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Mr. Potato Head, Agility and Technical Architecture

| Published: 6/28/2010 8:00 AM | Permalink | Email this Post | Comments (0)

By William A. Yarberry Jr., CISA, CPA

A few months ago, one of my clients in Florida contracted with a major enterprise resource planning (ERP) vendor to implement a transportation management system (TMS). I stopped by the project manager’s office to check on progress. Here’s a shortened transcript:

Me:  Fred, how’s the TMS implementation going?
Fred (the project manager):  Well, Bill, it looks great on paper. It’s on time, within budget and we even did change control right this time.
Me:  So what’s the problem?
Fred:  There’s this guy on the vendor implementation team who just loves the scripting language Python. I like it too, but I’ll need a Python resource for ongoing support. We already have Scheme, Ruby and Perl. How many of these things do we need? And, did anybody think to budget for a new ongoing technology? We’ll be paying for this decision for years.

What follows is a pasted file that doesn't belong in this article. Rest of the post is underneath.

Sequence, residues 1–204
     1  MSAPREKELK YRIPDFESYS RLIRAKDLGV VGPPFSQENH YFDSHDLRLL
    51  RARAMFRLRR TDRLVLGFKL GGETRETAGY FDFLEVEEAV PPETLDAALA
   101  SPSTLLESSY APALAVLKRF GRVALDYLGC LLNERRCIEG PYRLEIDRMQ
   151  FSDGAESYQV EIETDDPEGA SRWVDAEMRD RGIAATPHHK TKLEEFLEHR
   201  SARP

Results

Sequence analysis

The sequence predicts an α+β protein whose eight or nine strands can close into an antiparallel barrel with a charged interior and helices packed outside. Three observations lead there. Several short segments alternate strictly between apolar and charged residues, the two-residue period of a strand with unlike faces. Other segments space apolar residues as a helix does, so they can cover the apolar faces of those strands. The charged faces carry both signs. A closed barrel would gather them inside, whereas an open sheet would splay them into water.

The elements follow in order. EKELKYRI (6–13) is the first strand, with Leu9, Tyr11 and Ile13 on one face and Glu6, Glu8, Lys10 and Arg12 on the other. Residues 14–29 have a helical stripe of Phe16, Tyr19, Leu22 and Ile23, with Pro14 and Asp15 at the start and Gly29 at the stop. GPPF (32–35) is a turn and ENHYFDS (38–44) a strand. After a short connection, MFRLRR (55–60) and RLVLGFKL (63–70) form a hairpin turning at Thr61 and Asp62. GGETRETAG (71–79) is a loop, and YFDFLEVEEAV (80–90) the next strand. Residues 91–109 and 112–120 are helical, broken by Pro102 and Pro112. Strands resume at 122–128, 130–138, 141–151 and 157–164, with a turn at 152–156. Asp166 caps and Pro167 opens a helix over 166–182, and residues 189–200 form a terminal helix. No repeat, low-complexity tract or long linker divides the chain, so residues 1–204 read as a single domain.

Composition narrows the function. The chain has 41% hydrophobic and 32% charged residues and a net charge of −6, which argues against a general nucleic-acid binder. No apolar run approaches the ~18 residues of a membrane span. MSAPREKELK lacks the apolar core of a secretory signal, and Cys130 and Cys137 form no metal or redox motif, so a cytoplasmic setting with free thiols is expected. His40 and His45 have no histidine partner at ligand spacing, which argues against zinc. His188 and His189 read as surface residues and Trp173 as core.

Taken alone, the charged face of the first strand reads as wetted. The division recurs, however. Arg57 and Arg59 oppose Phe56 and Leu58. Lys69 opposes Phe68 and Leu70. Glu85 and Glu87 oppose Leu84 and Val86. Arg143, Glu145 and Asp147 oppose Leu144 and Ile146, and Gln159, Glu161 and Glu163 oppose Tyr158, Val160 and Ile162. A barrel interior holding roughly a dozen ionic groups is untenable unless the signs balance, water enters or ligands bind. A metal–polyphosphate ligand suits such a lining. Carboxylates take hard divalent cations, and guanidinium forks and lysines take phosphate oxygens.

Me:  Python’s not in your technical architecture?
Fred:  We never finished our technical architecture. I had nothing to point to when the Python subject came up and the user VP just wants the project done.

This is one way IT organizations lose their agility. The recession notwithstanding, there are more tools, languages, development environments and infrastructure options than ever before. Most of these new technologies are really good. However, if an organization fails to develop a strong technical architecture—starting with infrastructure and stretching to include standards such as integrated development environments (IDEs), languages, database philosophies and strategic alignment—then incompatible systems will proliferate. And, worse, the maintenance effort as a percentage of the total IT budget will creep up until the chief information officer’s entire day job is to manage developers cross-linking disparate technologies. It’s hard to respond quickly to customer, regulatory or competitor demands if you don’t have a consistent and logical technology base.
One of our jobs as IT auditors is to point out the cost of having no architectural vision. Systems may work, pass unit and user acceptance tests, include security features, and so on; however, if they depend on a mishmash of technologies, assembled like Mr. Potato Head, then they are fragile. But unlike Mr. Potato Head, they cannot be changed easily. We need to look down the road and whisper in the decision maker’s ears, “If you buy every new technology you see and look at technology only from a short-term perspective, it’s really going to cost you!”
Read William A. Yarberry Jr.'s recent Journal Article: 
IT Risk Analysis—The Missing ‘A’,” ISACA Journal, volume 3, 2010


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